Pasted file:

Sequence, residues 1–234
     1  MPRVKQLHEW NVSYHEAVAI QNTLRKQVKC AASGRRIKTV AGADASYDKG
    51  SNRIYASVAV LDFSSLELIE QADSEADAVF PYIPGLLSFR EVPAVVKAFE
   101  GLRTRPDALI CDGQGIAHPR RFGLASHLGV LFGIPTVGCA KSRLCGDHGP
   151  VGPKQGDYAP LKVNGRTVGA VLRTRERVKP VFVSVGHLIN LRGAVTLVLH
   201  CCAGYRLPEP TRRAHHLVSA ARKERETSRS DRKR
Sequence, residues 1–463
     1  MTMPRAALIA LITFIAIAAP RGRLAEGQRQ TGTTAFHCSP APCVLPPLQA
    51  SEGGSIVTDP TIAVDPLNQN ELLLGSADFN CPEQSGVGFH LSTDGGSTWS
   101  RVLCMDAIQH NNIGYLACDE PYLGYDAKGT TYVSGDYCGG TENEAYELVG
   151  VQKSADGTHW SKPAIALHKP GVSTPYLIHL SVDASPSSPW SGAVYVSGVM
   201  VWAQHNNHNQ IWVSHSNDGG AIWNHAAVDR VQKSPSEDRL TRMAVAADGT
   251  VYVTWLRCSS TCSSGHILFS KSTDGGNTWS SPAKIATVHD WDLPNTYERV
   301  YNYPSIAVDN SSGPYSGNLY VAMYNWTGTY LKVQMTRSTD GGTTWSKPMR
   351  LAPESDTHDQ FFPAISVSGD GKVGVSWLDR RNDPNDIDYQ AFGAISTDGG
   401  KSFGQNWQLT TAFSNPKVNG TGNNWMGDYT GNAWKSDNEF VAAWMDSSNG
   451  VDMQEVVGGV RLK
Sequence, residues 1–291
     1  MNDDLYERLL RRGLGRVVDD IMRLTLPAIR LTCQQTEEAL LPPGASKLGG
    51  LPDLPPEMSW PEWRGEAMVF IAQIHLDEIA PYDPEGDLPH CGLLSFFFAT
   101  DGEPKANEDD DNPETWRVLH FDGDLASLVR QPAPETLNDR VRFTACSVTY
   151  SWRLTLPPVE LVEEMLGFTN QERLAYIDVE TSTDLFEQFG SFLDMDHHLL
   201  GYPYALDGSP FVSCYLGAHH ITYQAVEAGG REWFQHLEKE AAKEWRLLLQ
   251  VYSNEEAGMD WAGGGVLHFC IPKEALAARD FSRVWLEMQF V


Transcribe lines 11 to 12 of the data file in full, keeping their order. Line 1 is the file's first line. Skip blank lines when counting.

   151  VQKSADGTHW SKPAIALHKP GVSTPYLIHL SVDASPSSPW SGAVYVSGVM
   201  VWAQHNNHNQ IWVSHSNDGG AIWNHAAVDR VQKSPSEDRL TRMAVAADGT